LINCOLN — After 15 months of Nebraskans social distancing, wearing masks and avoiding crowds, Gov. Pete Ricketts on Monday proclaimed an end to the COVID-19 pandemic emergency.
“Today is an exciting day,” Ricketts told reporters gathered at the State Capitol. “Now is the time to return to normalcy.”
With only 73 people in the state hospitalized with the coronavirus, vaccinations increasing and the number of infections dropping, the Republican governor announced plans to end his executive orders dealing with COVID-19.
He also soon will pull the state out of the federal emergency unemployment program that provided $300 a week in extra benefits, citing a profusion of unfilled jobs across the state.
With a broad smile, Ricketts held up a proclamation to terminate a string of executive orders on June 1, including one that allowed hard-hit restaurants and bars to sell carry-out cocktails. The state’s last “directed health measure” — a state requirement that people isolate and quarantine if they become infected with COVID — will expire at 11:59 p.m. Monday.
Ricketts, who urged people to wear masks during the pandemic but never enacted a statewide mask mandate, said the number of Nebraskans hospitalized because of the virus is at its lowest level since the state started keeping track in April 2020.
“By educating Nebraskans about the steps they should take, Nebraskans did what they always do — they took care of their neighbors, they stepped up and did the right thing,” he said.
People already are returning to normal activities. Mark Johnson, co-owner of restaurants in west Omaha and Lincoln’s Haymarket area, said business during Mother’s Day week was the highest in 24 years. One customer in Lincoln even stood up in the middle of the dining room last weekend to proclaim how happy he was that mask mandates were ending.
“People are ready to go out,” Johnson said Monday. “With the vaccinations and everything, they just feel safer. And I notice that people are just happier. It’s great to see.”
Ricketts billed his Monday press conference as his final update on the COVID-19 pandemic.
Just after the state recorded its first case on March 6, 2020, the governor began holding daily media briefings detailing sometimes grim case counts and deaths and the latest, urgent steps to quell the spread of the highly contagious virus.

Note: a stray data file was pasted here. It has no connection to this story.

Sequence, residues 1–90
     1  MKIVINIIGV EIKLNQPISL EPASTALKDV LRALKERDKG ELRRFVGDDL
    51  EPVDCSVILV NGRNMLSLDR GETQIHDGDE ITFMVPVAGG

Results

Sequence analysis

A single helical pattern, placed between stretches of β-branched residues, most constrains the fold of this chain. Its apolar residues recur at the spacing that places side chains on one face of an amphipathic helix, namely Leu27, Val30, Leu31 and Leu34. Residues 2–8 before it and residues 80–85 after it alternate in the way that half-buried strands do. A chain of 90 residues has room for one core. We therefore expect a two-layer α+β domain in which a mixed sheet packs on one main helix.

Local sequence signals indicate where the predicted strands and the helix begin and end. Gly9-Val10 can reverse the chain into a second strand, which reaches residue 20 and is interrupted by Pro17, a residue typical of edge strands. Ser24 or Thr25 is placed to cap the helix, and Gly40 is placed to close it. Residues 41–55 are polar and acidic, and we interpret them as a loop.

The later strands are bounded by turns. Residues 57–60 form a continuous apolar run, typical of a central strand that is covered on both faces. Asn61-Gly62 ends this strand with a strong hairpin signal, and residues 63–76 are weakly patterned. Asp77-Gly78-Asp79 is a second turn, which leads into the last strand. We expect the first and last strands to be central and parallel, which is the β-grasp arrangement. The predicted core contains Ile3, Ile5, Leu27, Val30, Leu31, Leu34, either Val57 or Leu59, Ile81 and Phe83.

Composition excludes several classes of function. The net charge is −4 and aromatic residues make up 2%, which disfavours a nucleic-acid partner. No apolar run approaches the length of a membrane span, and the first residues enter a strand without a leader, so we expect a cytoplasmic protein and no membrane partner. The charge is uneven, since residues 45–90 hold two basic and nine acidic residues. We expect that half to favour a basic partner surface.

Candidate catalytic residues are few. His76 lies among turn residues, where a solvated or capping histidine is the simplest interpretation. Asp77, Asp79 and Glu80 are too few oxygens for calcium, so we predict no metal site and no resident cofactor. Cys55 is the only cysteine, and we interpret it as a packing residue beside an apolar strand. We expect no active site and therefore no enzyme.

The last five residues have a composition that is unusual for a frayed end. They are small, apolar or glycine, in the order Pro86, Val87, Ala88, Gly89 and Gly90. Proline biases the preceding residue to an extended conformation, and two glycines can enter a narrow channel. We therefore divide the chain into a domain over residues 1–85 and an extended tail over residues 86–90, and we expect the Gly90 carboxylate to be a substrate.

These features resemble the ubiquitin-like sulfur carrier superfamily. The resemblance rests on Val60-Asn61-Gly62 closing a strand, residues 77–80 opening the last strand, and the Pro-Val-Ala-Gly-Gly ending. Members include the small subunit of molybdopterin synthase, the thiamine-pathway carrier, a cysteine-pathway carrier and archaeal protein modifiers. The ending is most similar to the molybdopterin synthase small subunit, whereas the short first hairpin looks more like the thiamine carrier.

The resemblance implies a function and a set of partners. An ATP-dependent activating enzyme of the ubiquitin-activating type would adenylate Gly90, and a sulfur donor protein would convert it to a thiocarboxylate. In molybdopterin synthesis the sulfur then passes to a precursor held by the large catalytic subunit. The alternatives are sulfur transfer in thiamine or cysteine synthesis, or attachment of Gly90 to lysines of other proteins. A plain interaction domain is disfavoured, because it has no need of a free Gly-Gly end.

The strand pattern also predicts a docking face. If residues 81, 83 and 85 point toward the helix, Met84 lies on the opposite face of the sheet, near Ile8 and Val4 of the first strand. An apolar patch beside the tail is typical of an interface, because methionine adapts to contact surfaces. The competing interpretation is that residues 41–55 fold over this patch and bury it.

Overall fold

The state rolled out a free, drive-through testing program called “Test Nebraska” as Nebraskans searched for places to find out if they had the virus. Terms like “quarantine” and “Zoom” became commonplace.
Virus hot spots emerged at nursing homes and meatpacking plants; sporting events were canceled or held without crowds. Drive-through restaurants became clogged with traffic as capacity was restricted at sit-down restaurants.
Daily hospitalizations for the coronavirus peaked at 971 on Nov. 20, leading to concerns that the state might run out of ventilators and intensive care unit beds to treat the respiratory illness. But cases have steadily declined since then.
While the governor declined to say that he was declaring “victory” over COVID-19, he said it was time to return to normal now that 53.7% of the state’s eligible residents have been fully vaccinated, and 975,000 have gotten at least one shot.
Ricketts continued to urge those who haven’t been vaccinated to get a shot, saying “vaccines work,” but overall, he urged Nebraskans to move out of high alert.
“Certainly, if someone wants to wear a mask, that is their personal choice,” he said. “But I’m encouraging all organizations to set aside those pandemic rules and move forward together as a state.”
At one time, nearly two dozen Nebraska communities had local mask mandates. But the City of Omaha’s will run out at 11:59 p.m. Tuesday. Lincoln’s indoor mask requirement expired on Friday.
The end of the federal unemployment assistance program will be effective June 19.
That move, which will end an extra $300 in benefits per week for about 15,000 Nebraskans, had been anticipated after several GOP-led states, including neighboring Iowa, moved to end the program early. At least 23 Republican-led states have announced they are opting out.
Ricketts said his rationale was simple: “We’re returning to normal.”
The governor was joined at Monday’s press conference by his wife, first lady Susanne Shore. After he introduced her, he started to retreat from the podium to provide the 6 feet of social distance he’d been urging Nebraskans to keep for more than a year. Then, he corrected himself.
“I don’t even have to step away anymore,” Ricketts said.
Shore said that Nebraskans can still post stories on a “virtual memorial wall” about loved ones lost to the pandemic via the website NEimpact.org. She said people also can pay tribute to people who “made a difference” during the past year, such as nurses, doctors, teachers or even friends, by posting those stories on NEimpact.org/reflect.
“Your stories will help us chronicle the real-life impact of the pandemic,” Shore said.
She also encouraged Nebraskans to “reconnect” with travel and tourism, as well as volunteer. NEvolunteers.com is the access point to donate time or funds, Shore said.
Ricketts’ announcement came as the state recorded 549 new cases of COVID-19 for the week ending Saturday, according to data from the federal Centers for Disease Control and Prevention. That is the lowest weekly figure since early April 2020, five weeks after Nebraska recorded its first case.
In the past two weeks, Nebraska’s case count has decreased more than 60% — the third-steepest drop by percentage in the nation.
Overall, Nebraska’s current per capita case rate is among the lowest in the nation and about half the national rate.
Ricketts said he has no plans to offer free steaks or lottery winnings as incentives for more people to become vaccinated. The state’s approach, he said, has been to make the vaccine as available as possible.
World-Herald Staff Writers Henry J. Cordes and Julie Anderson contributed to this report.